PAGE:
There are so many times in my life when I’ve said to myself, “if only I had a few more minutes, if only I’d left earlier, if only I’d given myself more time.” The thoughts following are usually self-critical and negative, and I end up feeling deflated for a little while. The fact is, that I could have planned better, I could have managed my time differently, but really, I was just doing the best I could.
When we learn to ease up on ourselves and others and understand that we are all only doing the best we can at any given moment, we can come to see time for what it is – a human-made construct to help us organize ourselves doing. In the reality of the yogic space, the space that holds that everything impermanent is an illusion, the present moment is timeless. According to Eckart Tolle, there is nothing but the present moment. Even as I type this I hear the clock on my wall ticking and realize that both the wall and the clock are temporal–there will come a day when they are no longer there. But that’s just it, most of us live in the world of illusion, where work and meetings and school runs rely on punctuality; time from this vantage point means everything. Emotions also live in the world where time has a value; it can mean the difference between a moment of grief, tears or pain, and a moment of elation.
Last week, I was living in the shadows and not quite ready to step into the light. A few days later and I felt better. Not even a week later, and I’m feeling so well that I’m even preparing to teach my first class since the transplant. Things change, situations change, we change, all the time.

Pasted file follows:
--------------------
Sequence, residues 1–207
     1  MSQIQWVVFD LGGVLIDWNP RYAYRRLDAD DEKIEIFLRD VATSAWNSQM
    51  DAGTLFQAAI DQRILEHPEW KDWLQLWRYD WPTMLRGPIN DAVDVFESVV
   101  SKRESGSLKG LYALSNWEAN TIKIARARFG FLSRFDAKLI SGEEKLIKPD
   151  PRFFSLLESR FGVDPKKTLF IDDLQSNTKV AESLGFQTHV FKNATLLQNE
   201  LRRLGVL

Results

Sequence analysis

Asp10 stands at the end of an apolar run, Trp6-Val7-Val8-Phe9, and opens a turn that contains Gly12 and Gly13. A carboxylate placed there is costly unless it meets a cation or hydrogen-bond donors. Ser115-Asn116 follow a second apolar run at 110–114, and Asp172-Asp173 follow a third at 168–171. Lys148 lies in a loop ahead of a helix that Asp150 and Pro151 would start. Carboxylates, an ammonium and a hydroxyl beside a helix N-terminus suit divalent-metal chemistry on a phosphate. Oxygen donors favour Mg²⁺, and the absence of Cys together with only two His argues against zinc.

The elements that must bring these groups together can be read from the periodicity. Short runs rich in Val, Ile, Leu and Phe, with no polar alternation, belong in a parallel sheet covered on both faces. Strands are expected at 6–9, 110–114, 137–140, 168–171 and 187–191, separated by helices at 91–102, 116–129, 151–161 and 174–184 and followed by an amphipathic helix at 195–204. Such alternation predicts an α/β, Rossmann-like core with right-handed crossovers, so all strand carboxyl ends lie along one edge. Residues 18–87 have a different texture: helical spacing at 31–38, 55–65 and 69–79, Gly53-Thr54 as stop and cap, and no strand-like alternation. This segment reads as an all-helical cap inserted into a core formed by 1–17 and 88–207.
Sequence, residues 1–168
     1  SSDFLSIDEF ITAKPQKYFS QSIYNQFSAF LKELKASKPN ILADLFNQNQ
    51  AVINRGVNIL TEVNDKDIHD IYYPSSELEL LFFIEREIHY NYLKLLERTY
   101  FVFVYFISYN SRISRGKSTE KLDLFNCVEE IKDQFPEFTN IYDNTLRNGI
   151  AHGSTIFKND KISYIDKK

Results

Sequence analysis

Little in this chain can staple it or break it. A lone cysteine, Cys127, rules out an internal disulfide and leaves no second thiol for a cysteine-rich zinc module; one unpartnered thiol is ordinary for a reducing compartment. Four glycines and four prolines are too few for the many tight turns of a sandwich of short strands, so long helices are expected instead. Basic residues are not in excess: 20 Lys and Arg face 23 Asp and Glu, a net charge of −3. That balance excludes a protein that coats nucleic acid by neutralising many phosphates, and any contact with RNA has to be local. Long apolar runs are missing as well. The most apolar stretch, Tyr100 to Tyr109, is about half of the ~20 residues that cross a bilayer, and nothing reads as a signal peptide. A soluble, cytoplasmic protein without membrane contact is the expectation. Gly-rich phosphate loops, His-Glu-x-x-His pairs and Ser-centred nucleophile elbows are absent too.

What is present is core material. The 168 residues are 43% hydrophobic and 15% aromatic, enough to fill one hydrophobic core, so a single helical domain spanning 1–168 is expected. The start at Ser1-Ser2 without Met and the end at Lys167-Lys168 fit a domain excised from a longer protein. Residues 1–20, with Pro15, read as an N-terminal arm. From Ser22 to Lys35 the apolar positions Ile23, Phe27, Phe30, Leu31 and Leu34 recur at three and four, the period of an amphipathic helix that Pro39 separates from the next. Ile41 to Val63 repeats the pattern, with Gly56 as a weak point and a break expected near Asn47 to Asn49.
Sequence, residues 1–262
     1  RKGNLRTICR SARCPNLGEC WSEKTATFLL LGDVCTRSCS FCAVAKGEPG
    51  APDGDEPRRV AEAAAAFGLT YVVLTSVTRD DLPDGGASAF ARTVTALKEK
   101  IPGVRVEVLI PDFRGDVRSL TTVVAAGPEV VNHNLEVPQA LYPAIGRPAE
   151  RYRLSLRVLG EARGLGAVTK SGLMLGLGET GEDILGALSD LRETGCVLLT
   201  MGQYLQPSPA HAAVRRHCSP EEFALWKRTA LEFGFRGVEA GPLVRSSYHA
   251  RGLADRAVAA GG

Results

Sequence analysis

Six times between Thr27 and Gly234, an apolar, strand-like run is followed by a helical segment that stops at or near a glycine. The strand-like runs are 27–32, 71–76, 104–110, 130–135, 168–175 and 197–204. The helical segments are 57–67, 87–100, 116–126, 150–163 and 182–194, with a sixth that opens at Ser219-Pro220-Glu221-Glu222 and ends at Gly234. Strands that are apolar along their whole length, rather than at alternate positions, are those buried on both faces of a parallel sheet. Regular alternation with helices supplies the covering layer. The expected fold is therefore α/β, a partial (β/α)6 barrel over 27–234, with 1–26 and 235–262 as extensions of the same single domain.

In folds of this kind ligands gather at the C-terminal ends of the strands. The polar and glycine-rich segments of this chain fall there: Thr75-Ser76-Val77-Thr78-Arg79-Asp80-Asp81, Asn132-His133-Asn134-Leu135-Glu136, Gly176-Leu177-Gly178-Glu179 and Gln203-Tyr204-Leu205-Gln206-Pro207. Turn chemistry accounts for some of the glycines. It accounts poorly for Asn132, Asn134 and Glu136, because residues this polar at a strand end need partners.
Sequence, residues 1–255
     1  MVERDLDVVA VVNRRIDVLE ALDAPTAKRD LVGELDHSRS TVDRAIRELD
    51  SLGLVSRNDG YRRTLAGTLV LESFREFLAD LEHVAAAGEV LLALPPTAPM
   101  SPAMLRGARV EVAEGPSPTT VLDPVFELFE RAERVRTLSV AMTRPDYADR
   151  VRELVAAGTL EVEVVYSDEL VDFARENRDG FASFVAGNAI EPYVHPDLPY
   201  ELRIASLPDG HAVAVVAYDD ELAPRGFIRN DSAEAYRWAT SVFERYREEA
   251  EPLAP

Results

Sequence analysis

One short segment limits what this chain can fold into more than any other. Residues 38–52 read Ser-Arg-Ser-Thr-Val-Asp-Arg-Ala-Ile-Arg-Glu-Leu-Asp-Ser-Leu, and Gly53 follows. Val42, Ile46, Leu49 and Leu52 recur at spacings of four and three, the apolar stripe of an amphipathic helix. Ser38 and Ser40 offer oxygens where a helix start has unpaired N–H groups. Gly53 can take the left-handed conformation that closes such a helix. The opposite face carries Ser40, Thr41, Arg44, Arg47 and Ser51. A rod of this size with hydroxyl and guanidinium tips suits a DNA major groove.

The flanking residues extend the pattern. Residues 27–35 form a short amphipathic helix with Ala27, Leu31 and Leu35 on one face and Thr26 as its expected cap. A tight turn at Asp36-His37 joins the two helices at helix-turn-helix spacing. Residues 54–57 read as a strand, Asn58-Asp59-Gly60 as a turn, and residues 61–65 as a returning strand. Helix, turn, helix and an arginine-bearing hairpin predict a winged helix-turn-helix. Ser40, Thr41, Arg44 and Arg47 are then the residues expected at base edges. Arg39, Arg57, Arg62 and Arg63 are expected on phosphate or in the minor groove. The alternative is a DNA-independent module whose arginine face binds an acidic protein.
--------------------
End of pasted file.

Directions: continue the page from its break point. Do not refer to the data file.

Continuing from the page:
It’s easy to get attached to ideas, to routines, even to our constraints. All three things can be productive and beneficial to living in the world of doing, the world of illusion where many of us spend a large part, if not all of our days. As long as we realize that time is simply a form to create structure, as long as we stay untethered, it can be a very helpful construct. After all, without structure we have no movement, no rhythm, no sound, all of which are important to surviving in the world. Staying untethered, however, is far more challenging than we imagine, and is important to our mental and emotional survival. Breathing and meditative practices are excellent ways of detaching from ticking clocks and deadlines. So is a smile, a pat on the back and the reminder that we are all just doing the best we can. I’ve heard that setting the clocks five minutes fast without telling your partner can work too…